Aid experts say the number of Congolese in need of aid, including food, has doubled over the past year. President Joseph Kabila has refused to leave office despite an election mandate that expired at the end of 2016.
When one decides to talk about how Africa is riddled with toxic politics and the subsequent underdevelopment, they can easily point to the Democratic Republic of Congo (DRC). As incumbent Joseph Kabila refuses adamantly to relinquish power despite mounting pressure, the humanitarian crisis in the conflict-torn country is extremely deepening.
When the politics of a country turns rogue, it is the ordinary citizen who bears the brunt of it all. A top European Union official warned last week that the humanitarian crisis in the country is worsening on several fronts, adding that the problem is being exacerbated by the political crisis in the country where peace and stability have been alien and abstract concepts.
It is now 15 months since Kabila's mandate as president expires but he still is in power citing electoral problems that need to be fixed first. The crisis situation is particularly acute in the central Kasai region and the eastern provinces of Kivu and Ituri.
A UN report earlier this month found some 13 million Congolese in need of humanitarian aid - twice as many as last year - and 7.7 million are facing severe food insecurity, which is an increase of 30 percent over 2017.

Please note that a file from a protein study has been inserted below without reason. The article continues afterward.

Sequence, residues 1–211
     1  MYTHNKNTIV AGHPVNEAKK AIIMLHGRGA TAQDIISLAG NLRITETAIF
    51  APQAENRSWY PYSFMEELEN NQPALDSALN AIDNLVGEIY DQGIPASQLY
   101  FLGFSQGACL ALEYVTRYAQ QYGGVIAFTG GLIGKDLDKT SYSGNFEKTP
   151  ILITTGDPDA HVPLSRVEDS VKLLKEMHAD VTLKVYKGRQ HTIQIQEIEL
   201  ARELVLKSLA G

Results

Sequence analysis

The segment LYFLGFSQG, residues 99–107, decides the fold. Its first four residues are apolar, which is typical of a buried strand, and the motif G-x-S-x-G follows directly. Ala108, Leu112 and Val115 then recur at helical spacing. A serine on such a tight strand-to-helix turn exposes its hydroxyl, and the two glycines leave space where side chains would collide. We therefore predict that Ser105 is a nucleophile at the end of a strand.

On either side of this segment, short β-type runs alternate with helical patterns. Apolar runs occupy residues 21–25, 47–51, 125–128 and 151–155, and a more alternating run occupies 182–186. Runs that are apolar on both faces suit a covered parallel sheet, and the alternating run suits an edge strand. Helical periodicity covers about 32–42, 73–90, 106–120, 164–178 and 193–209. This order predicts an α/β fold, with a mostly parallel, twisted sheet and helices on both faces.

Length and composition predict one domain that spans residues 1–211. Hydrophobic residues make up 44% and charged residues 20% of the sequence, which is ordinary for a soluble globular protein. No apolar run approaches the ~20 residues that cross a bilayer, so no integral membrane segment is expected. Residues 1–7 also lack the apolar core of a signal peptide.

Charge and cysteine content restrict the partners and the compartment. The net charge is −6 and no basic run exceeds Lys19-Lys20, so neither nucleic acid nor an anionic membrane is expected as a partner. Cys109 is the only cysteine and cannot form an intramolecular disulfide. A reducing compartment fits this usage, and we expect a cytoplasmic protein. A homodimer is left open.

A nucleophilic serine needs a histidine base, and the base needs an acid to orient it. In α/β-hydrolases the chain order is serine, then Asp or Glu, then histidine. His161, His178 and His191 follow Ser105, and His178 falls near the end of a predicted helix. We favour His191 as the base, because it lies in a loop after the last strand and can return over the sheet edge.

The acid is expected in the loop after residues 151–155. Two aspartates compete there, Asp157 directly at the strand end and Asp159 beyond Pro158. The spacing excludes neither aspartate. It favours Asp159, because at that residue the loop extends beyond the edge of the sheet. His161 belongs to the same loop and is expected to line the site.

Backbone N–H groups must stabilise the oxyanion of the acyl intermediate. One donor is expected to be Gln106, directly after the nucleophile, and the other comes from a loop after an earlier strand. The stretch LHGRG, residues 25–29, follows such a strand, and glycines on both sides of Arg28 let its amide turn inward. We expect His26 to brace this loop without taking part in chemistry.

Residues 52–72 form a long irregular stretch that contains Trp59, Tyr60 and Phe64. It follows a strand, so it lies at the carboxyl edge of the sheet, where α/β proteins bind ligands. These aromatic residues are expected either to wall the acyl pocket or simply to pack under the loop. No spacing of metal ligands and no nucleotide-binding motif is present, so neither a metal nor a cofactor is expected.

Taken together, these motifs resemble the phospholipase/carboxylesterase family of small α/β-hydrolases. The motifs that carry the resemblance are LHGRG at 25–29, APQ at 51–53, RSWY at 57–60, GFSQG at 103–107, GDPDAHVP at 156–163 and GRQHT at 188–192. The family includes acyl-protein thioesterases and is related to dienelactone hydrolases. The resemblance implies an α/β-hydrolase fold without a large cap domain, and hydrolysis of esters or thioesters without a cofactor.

The government is locked in a denial mode as they refuse to acknowledge how dire the situation is for the citizens. Kinshasa is refusing to attend an international donor conference scheduled for April in Geneva that seeks to put together a $1.7 billion (1.4 billion euros) aid package.
Last year, it was reported that 400,000 children were at risk of dying in the central diamond-rich Kasai region, which has been devastated by fighting. So far at least 3,000 people have died and about 1.4 million have been displaced in the country, which has a long history of conflict and crisis.
The EU commissioner for humanitarian aid, Christos Stylianides, spoke of how the situation is bad in the country. "The humanitarian situation is getting worse day by day, and unfortunately I saw enormous suffering, enormous humanitarian needs and the situation in the country is not business as usual." The EU has categorized the crisis as a Level 3 crisis, the organization's highest-level emergency.
The obstinacy of the government remains a striking feature through this malaise that is hindering the prospects of necessary intervention. Prime Minister Jose Makila dismissed such concerns, saying the UN had overreacted and that aid organizations in the country were propagating a "bad image of the Democratic Republic of Congo throughout the world."
For the government, the figures put forth by aid organizations, the EU and the UN are not accurate. The government said it wouldn't cooperate with international aid organizations unless they adjusted their figures to coincide with its own.
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